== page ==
High-growth startup companies live and die by their ability to power Reinforcing Loops for growth. The loop might be for number of users (Facebook), number of reviews (Yelp), number of hosts (AirBnB), number of contributors (Wikipedia), or number of drivers (Uber). If they can’t grow these, they won’t make money. And if they run out of money before they can convince more investors to sign on, then they fail.
There’s something unique about the platforms listed above – each of them would not have been successful without a certain minimum level of adoption within a community.
You would not have used Facebook if none of your friends were on it. You wouldn’t order a car using the Uber app if your city rarely had drivers available within 20 minutes of your current location. In other words, having a Network was part of the product’s value. “Network Effect” applies to an ecosystem where the value of the product or service increases as the number of users grows. The more apps there are on the iPhone, the more valuable the iPhone becomes. Outside of technology, language adoption also depends on network effects. English is a global language, so it should come as no surprise that more people are likely to pick up English as a second language than a language like Taiwanese.
You might wonder, doesn’t everything get better with more users? Not necessarily. Your driving experience gets worse the more cars there are sharing the highway. The school learning experience gets worse when more students are added to the classroom. Business meetings can have too many cooks in the kitchen. Gmail as a pure email service does not have network effects because a gmail user can still email a yahoo or hotmail user.
But Gmail users are part of the greater Google ecosystem which includes google chat, google drive, google hangouts, even Youtube. So Google has integrated users who originally signed up for email services into its larger platform, which does experience network effects.
But when network effects exist, you choose the platform because of its network. I look books up on Goodreads before purchasing on Amazon because I trust Goodreads’s user base and their more nuanced rating system when reviewing books. You might choose your smartphone, video game console, or online reviews site based on the size of their existing user base.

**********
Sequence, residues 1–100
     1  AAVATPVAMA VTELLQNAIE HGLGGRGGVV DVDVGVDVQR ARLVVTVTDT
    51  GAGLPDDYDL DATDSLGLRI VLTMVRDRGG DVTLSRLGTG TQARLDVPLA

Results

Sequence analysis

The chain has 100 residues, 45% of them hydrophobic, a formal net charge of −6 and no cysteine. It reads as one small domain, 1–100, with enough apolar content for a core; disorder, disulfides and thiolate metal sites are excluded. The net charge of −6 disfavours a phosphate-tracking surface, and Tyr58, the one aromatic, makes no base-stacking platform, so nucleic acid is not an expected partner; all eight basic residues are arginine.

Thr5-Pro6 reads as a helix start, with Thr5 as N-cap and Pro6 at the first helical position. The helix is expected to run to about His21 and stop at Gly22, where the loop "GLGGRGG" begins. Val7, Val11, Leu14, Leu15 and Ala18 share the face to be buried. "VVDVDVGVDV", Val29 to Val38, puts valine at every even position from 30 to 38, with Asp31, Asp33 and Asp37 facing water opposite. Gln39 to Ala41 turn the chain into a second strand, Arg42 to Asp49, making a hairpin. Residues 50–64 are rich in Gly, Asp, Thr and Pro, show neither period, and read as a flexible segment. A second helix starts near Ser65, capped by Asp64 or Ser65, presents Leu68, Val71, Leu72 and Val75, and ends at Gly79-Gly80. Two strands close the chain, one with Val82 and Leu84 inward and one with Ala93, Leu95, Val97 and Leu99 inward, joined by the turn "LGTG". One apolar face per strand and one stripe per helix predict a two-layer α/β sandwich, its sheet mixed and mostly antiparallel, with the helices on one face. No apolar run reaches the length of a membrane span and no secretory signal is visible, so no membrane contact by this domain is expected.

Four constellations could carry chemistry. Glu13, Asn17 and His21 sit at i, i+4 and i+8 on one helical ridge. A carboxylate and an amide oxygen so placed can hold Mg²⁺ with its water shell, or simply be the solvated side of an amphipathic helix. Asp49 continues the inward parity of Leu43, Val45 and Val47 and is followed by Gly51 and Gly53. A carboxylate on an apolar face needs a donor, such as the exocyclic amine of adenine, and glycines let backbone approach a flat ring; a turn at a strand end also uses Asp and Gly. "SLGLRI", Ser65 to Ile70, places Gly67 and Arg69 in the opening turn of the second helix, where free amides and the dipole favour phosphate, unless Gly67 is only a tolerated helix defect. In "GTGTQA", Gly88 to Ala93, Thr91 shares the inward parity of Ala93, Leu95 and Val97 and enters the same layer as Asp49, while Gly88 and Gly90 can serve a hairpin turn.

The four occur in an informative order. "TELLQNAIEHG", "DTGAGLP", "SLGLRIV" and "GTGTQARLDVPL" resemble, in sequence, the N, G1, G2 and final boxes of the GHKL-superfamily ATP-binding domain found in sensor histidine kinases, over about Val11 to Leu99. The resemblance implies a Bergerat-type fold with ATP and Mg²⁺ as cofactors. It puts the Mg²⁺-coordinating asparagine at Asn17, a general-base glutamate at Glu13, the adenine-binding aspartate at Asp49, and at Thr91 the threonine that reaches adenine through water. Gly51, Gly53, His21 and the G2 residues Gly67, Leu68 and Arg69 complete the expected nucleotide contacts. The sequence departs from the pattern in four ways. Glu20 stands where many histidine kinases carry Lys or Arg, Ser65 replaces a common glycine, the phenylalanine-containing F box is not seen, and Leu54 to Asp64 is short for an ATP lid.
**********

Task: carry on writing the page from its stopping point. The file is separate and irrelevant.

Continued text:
Creating Network Effects
So what creates Network Effects? You need three core things – Community, Empowerment, and Norms.
First, you need a community that wants to engage in a product or service because it brings them some sort of value. But you also need to empower that community to think for themselves and share those opinions. Network effects work only when there is the belief that the community’s values and voices matter – a bottom-up ecosystem.
Finally, the platform must have some sort of norms so that its users understand how to participate and derive value from the product. On Twitter, people understand the 140-character limit and the use of hashtags. Uber users know they can give a 1-5 star rating to each driver. These norms help moderate interactions so that participants get the most out of their experience. And finally, once network effects are in place, it becomes easier for the product or service to grow – word of mouth referrals serve as powerful Reinforcing Loops.
New businesses that adopted network effects were able to disrupt existing market leaders by creating a stickier, more engaging product. For example:
- Wikipedia’s content is created and edited by its millions of users, creating a much larger knowledge base and task force than Encyclopedia Britannica. More recently, StackExchange and Quora are platforms designed for people to ask and answer questions for each other.
- Dating websites like OKCupid use algorithms based on user preferences to match people from hundreds of thousands of users; this opens up the pool of potential mates compared to traditional means of finding that special someone
- Traffic Apps like Waze are especially useful when more drivers, and therefore smartphones, provide traffic data; this is more timely and accurate than the radio traffic report
- A new school network, AltSchool, is building software that will personalize curriculums based on data collected from its existing network of students and their learning styles
Defeating a Network
Once network effects are in place, it’s very difficult for a second market entrant to usurp an existing community due to switching costs. This is because customers have already invested time to understand, cultivate, and store information in their existing community of choice.
But a new company that creates a superior product can present a compelling reason to switch. Myspace enjoyed significant network effects at first but over time saw its quality decline as users were given too much freedom to glamorize their profiles. Facebook then convinced college-age users to switch over and rebuild their networks on its significantly better product with a cleaner interface and clearer vision.
Apple lowered the switching costs from Windows to OSX by increasing compatibility, streamlining the migration process from Windows, and building a brand that signaled innovation and imagination. Simultaneously, Apple raised the switching costs of switching from Apple products by building an integrated ecosystem of products that locked in loyalists.
Think about all your favorite products and services. Do these experience Network Effects? If not, what would it take and look like with Network Effects? Do you see Network Effects in schools? Hospitals? Public Transportation?
Essay written by Jenny Zhou & Eddie Hsu